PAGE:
First commemorated by the University of Notre Dame community in the early 1840s, Founders’ Day was an annual celebration tied to the Feast of Edward the Confessor, Patron Saint of Rev. Edward Sorin, C.S.C. Each year on October 13, students, faculty, and staff would make the celebration a way to honor Father Sorin and the founding of Notre Dame du Lac. Over the years, other traditions such as the Opening of the Academic Year Mass, came to replace Founders’ Day.
The University is reviving the celebration of Founders’ Day, seizing this opportunity to celebrate the founding of the University by taking a deeper look at our own history so as to understand our present – and to reimagine our future.
Rev. John A. Zahm, C.S.C.
In 2021 Founders' Day events will explore the legacy of Rev. John A. Zahm, C.S.C. on the 100th anniversary of his passing. A person ahead of his time, Father Zahm wanted to show academia, and the world at large, “that there is nothing in evolution, properly understood, which is contrary to Church Doctrine.”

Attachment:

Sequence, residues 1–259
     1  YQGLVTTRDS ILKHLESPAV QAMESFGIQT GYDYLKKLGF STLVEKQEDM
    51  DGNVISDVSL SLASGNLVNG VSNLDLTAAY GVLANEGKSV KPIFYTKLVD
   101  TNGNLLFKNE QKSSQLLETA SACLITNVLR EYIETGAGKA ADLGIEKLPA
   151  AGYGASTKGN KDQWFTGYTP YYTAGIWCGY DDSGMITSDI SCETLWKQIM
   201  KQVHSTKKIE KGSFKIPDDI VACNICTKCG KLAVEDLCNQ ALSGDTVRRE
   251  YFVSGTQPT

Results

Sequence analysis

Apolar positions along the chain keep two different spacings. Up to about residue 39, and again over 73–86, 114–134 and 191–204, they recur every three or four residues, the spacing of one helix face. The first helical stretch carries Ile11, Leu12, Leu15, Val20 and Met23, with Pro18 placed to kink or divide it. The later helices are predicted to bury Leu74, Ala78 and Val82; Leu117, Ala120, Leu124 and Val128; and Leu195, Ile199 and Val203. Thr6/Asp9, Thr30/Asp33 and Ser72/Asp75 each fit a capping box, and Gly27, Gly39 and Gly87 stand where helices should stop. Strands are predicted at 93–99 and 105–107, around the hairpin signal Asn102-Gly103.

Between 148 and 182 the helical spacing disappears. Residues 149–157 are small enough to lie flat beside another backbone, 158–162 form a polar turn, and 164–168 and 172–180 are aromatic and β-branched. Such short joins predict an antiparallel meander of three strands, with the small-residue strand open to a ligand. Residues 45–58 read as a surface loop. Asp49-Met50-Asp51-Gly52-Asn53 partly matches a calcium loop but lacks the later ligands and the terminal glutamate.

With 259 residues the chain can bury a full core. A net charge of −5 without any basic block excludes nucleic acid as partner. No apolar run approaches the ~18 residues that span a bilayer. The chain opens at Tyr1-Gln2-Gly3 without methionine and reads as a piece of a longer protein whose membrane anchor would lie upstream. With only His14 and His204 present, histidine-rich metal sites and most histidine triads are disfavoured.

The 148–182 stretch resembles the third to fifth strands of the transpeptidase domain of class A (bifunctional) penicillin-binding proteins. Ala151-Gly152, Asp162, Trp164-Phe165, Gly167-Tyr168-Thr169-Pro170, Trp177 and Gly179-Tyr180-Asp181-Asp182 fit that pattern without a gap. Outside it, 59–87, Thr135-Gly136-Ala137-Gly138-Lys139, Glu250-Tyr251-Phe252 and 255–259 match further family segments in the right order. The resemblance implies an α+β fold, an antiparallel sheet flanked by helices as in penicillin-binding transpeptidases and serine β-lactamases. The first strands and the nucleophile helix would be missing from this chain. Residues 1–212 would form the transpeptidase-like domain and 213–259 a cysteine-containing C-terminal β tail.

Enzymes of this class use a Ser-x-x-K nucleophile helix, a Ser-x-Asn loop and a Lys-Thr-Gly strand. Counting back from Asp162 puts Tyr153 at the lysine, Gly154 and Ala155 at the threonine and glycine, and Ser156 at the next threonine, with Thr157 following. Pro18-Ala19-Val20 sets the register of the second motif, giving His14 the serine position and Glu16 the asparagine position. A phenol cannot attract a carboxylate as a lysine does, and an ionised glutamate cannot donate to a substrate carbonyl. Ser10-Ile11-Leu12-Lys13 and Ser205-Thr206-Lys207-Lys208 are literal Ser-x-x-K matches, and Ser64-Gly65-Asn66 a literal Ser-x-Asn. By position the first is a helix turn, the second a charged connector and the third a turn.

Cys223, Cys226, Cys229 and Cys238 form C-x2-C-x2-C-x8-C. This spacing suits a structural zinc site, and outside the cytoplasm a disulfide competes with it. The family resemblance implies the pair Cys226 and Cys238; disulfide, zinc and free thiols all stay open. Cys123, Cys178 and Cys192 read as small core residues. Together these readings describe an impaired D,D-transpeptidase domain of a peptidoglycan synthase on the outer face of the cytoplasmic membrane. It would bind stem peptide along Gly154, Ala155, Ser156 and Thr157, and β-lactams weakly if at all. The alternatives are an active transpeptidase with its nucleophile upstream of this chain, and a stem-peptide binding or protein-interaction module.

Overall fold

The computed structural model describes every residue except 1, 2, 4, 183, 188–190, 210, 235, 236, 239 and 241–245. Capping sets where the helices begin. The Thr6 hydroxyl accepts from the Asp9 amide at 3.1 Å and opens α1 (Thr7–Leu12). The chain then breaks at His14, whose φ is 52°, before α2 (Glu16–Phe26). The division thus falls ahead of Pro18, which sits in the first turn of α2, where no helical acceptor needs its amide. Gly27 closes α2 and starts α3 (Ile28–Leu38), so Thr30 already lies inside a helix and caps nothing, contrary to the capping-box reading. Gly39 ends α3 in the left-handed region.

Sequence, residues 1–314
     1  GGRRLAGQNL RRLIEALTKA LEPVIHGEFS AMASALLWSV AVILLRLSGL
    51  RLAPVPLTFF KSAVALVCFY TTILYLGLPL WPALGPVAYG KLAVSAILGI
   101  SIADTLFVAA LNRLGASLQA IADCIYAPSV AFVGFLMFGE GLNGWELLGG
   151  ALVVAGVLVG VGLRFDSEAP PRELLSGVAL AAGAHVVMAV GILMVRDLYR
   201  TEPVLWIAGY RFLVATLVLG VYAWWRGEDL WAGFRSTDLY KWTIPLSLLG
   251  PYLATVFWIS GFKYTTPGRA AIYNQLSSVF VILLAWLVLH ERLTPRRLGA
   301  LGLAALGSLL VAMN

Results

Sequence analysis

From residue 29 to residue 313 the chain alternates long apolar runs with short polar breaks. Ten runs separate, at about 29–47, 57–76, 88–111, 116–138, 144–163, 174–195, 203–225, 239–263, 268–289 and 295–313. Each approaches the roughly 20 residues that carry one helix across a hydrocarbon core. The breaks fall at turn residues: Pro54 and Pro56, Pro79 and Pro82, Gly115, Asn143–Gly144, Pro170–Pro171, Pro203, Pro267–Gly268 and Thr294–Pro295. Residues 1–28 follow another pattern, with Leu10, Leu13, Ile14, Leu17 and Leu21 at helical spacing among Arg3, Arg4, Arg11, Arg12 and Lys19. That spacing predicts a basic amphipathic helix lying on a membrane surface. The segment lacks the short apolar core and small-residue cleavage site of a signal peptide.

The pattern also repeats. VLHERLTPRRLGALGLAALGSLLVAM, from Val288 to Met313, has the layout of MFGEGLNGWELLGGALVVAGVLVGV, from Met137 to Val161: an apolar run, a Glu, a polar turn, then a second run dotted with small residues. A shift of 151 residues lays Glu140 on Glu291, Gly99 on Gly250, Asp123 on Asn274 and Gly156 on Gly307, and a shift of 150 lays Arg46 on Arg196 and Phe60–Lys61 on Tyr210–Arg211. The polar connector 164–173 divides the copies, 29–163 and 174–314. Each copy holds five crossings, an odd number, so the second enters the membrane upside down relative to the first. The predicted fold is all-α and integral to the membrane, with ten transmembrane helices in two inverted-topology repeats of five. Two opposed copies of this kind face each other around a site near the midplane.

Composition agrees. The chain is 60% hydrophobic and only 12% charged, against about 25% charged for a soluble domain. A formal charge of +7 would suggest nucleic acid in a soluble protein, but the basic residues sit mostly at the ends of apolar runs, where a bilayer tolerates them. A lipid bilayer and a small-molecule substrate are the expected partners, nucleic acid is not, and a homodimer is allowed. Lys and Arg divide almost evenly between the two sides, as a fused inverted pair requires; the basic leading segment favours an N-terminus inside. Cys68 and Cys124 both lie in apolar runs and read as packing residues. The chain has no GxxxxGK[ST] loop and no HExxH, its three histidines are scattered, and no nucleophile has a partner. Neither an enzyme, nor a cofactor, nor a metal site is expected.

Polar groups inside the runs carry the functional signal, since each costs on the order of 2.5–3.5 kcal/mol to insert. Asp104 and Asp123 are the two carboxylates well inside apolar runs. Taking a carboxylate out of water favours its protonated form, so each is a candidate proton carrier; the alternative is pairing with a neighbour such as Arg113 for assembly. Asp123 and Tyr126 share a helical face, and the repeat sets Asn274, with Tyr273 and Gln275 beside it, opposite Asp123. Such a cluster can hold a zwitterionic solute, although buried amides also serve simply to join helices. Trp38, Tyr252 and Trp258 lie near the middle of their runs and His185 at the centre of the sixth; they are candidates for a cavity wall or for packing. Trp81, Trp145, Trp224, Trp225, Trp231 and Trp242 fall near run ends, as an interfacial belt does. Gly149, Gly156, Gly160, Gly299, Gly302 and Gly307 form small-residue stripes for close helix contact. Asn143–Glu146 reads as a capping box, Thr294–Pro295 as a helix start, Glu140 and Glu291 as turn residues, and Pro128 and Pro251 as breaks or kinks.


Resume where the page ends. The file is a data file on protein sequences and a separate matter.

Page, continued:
"Embodying the heart of the Congregation of Holy Cross mission to educate the mind, body, and spirit, Rev. Edward Sorin, C.S.C., set forth from his native France for the Diocese of Vincennes, Indiana, with a missionary zeal to establish schools and educate young Americans in religion, business, and the needs of daily life.
In November 1842, Father Sorin and seven Holy Cross brothers trekked from Vincennes more than 300 miles north in the frigid early winter to a swath of land beside a snow-covered lake. From the humble architecture of a log chapel, he foresaw a great university that would develop on a large scale to become one of the most powerful means for good in this country. And so Father Sorin built the University of Notre Dame and its iconic Golden Dome crowned by a statue of Our Lady."